Launched in 2021, the Cartography collaboration aims to develop a cellular map of genes and proteins implicated across a range of immune-mediated inflammatory disorders and characterize pharmacologically relevant therapeutic targets.
Acknowledging the broad impact of immune mechanisms, Oxford is now expanding this ground-breaking work with Janssen to encompass diverse disorders prioritized by the highest unmet need, ranging from immune mediated disorders across several organs, cancer and neurodegeneration.
The three-year expansion adds four new areas: Infectious Disease, Vaccines, Oncology and Neuroscience. These areas will utilize the infrastructure established in the original project to address knowledge gaps in an efficient, multi-faceted approach.
The team of Principal Investigators, Fellows and support roles create a large powerful consortium to tackle the research challenges. Working alongside the current four Postdoctoral Fellows, will be an additional four Fellows focussing on specific disease areas as well as supporting the overall bioinformatics aspects of the programme. This represents a unique opportunity for Fellows and PIs to work on an industrially collaborative project involving multiple departments and disease area strongholds at Janssen all contributing to the large body of data and outcomes.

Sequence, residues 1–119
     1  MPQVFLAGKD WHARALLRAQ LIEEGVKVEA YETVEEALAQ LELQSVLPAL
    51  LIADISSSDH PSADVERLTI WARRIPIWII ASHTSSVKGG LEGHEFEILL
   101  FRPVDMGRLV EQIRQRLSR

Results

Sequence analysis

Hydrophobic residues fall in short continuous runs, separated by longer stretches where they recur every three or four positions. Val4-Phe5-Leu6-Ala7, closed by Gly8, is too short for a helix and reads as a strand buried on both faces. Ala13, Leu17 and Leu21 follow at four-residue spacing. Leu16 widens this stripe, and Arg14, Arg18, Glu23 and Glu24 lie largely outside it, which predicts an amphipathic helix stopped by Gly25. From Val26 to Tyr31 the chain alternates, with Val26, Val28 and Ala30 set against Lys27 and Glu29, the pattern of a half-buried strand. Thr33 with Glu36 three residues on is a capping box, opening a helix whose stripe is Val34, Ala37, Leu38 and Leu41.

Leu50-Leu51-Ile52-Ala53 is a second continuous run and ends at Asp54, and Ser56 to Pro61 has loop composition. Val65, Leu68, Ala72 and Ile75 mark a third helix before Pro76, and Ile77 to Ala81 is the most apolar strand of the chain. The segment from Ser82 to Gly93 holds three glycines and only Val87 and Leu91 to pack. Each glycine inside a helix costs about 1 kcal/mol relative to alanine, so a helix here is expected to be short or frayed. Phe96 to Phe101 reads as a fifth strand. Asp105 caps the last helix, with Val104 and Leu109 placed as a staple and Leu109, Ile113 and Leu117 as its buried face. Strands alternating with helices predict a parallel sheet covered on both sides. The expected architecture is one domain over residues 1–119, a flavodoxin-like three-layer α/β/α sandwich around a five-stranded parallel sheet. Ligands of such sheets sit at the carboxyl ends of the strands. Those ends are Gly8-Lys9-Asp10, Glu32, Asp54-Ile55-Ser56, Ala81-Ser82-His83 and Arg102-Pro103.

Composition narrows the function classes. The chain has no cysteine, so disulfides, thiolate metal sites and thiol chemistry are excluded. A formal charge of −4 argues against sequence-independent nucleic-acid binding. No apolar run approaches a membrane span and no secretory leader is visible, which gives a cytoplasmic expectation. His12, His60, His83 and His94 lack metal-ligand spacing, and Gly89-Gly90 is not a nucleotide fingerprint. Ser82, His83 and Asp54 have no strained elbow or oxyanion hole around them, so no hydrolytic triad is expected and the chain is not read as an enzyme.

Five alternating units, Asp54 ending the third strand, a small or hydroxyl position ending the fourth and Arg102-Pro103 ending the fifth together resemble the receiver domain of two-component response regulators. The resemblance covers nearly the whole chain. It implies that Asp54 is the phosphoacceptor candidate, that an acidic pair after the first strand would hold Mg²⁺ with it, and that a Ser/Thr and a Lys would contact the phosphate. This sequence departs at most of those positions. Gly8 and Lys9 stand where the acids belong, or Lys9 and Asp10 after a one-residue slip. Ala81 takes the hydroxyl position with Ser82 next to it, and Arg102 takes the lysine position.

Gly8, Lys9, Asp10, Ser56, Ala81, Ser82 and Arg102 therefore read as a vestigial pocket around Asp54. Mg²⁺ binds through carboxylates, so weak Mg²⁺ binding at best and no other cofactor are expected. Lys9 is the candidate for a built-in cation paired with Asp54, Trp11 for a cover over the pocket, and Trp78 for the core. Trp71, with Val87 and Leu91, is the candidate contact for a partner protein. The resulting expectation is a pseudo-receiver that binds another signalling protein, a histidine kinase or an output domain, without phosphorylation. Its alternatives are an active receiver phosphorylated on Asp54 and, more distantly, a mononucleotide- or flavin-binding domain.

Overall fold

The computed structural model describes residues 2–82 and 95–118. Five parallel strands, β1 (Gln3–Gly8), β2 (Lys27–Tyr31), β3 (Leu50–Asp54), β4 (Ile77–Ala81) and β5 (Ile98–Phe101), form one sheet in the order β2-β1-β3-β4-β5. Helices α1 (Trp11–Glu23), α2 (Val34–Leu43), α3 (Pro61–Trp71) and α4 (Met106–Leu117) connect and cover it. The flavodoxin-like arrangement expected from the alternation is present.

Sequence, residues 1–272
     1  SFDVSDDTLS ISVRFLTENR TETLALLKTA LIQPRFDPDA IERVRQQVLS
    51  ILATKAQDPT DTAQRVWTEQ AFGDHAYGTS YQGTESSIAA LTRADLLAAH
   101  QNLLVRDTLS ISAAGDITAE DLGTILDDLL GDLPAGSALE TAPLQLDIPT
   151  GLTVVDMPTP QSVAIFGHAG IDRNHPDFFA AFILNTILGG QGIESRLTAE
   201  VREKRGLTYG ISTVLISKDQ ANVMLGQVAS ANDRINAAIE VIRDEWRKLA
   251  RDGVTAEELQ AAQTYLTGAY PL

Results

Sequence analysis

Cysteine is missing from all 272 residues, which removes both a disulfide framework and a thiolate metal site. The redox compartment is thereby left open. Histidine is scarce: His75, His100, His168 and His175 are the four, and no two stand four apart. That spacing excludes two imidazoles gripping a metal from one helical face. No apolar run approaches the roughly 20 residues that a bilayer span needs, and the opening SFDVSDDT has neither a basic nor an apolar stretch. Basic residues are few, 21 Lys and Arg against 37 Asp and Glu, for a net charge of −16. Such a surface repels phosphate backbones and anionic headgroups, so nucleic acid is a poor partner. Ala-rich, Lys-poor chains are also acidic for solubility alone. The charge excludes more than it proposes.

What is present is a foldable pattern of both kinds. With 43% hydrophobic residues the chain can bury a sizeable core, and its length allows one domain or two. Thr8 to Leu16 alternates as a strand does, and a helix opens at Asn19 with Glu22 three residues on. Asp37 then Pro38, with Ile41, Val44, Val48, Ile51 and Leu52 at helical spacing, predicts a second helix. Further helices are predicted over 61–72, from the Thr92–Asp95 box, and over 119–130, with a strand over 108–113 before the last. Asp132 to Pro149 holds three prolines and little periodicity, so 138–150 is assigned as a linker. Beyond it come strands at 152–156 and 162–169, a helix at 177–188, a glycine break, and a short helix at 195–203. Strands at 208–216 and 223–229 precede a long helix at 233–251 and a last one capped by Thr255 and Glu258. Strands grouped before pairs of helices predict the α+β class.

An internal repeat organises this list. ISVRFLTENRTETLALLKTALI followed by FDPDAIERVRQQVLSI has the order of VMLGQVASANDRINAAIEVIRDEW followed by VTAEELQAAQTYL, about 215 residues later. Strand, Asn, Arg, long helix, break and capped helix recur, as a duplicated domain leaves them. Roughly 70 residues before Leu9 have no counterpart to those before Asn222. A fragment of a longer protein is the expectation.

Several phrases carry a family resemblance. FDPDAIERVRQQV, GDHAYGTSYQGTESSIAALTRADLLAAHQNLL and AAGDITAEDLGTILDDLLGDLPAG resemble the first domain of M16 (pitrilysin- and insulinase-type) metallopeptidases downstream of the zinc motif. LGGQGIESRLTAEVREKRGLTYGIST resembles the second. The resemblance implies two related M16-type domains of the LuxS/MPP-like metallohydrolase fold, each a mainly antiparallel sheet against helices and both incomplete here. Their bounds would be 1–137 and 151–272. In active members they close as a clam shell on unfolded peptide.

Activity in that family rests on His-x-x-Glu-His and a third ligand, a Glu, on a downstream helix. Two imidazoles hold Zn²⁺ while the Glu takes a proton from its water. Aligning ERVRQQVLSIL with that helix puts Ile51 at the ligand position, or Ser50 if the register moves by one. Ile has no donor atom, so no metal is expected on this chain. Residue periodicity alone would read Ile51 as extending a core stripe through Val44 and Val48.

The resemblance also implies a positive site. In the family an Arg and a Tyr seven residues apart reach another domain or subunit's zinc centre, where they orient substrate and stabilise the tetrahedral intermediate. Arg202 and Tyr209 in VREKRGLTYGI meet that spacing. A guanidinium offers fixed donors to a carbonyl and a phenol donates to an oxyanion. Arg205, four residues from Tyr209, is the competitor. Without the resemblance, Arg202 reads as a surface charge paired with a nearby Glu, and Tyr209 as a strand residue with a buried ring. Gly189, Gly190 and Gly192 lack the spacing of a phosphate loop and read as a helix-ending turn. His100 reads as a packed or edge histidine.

Lead Oxford investigator for the project, Professor Holm Uhlig said,
'The Cartography projects will allow us to understand cellular networks across multiple diseases and organs and they will establish a research ecosystem to collaborate across disciplines with a group of Janssen and Oxford scientists. Our ultimate aim is to understand tissue adaptation and disease mechanisms that allow us to develop treatments faster and based on cellular mechanisms.’
Chas Bountra, Pro-Vice Chancellor for Innovation and Professor of Translational Medicine said,
‘This has already proved to be an exciting, innovative and impactful collaboration. The team have laid the foundations for accelerating our understanding of human disease pathophysiology at the cellular and molecular level, and offering the potential for discovering new drug targets, establishing new biomarker signatures and creating possibilities for drug repurposing, across a range of inflammatory diseases. I am thrilled this is now being expanded to include other therapeutic areas. My compliments to the team for the progress, and all the leaders for providing the vision and ensuring increased momentum.’